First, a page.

9 Rules for Building Meaningful Relationships

By Jon Giganti

Hey, it’s Monday here on The Entrepreneurs Blog! That means we have another solid guest post for your enjoyment. Last week, we heard from Mick Hagen. Mick actually just announced today on Twitter that he is going to be launching a new startup soon. That’ll be cool to watch. His post last week, ‘The Fear of Failure’ was quite the motivator. Great to see him practice what he preached in that post. Go get em’ Mick!

This week we have the pleasure of hearing from Jon Giganti. Jon is the founder of 1440, a site dedicated to helping others achieve optimal performance in work and life. He has twelve years experience working in business development, primarily selling technology solutions to Fortune 500 companies. In his spare time, he’s the VP of Development for a Columbus-based non-profit, Creative Living, which provides independent living for adults with spinal cord injuries. Jon’s writing has been published on GTD Times, a popular site dedicated to all things GTD (Getting Things Done). A former division one college soccer player, Jon is also a CrossFit enthusiast and marathon runner.

So, without further adieu, enjoy the Monday guest post by Jon Giganti: 9 Rules for Building Meaningful Relationships.
“It’s not personal, it’s business.”

This quote bothers me (hence, the line through it). I cringe when I hear Donald Trump say this, or anyone else for that matter. It’s so old school. I’ve been through many a sales training that talks about keeping relationships with clients purely professional. The “experts” say that getting too close to your client (or even colleagues) will hurt your ability to do business. They say that, especially in sales, your negotiations will be impacted in a negative way the closer you are to someone. This is ridiculous. The better, more personal relationship you have with someone, the easier it is to have difficult conversations. Mutual respect and trust is already built. You will find ways to make any situation a win-win, or even increase the pie. How?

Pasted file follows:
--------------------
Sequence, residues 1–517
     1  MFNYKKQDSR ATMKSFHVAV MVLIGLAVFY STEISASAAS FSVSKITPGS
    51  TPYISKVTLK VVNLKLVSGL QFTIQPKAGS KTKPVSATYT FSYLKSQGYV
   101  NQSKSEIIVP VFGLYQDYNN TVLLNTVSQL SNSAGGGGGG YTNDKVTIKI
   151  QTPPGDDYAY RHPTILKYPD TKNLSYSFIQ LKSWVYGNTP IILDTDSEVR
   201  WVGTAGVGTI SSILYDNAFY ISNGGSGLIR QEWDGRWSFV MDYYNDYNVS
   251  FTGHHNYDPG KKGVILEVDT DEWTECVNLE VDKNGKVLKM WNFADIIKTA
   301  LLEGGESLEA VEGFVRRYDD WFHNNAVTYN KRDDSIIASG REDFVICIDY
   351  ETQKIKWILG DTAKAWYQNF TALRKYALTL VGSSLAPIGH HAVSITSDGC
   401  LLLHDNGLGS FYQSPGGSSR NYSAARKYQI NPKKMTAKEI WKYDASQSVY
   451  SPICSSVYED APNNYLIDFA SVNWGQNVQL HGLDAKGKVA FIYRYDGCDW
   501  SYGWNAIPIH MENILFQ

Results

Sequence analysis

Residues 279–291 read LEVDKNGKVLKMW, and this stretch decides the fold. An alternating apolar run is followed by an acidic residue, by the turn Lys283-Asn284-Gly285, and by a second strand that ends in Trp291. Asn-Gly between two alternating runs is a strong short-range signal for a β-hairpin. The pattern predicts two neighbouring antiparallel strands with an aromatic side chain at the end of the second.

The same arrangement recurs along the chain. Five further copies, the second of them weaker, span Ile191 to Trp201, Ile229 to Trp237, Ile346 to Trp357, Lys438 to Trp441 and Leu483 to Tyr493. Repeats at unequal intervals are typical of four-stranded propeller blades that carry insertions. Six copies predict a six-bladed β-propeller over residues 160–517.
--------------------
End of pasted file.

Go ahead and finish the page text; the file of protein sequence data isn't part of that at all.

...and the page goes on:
On to the rules.

1. Build Relationship Capital When you invest money, what happens? For the most part, it grows. The more you put in, the more it grows over time. The same goes for relationships. You give before you get. The more you invest, the more you’ll be able to receive from the relationship. Of course, sincerity is key. Don’t give just to get.

2. Listen First The saying goes, “we have two ears and one mouth for a reason.” Stephen Covey, in 7 Habits, talks about seeking to understand before being understood. Live this. People love to talk, especially about themselves. Listen to their stories. Ask questions. Open ended, mostly. Your time will come to talk.

3. Build Trust Early The earlier you can build trust, the better off you’ll be. Deliver when you say you’re going to. Be sincere. Look for problems you can solve. Listen. These will significantly impact the trust you’ll build and the fruits of your labor will pay off in the long run.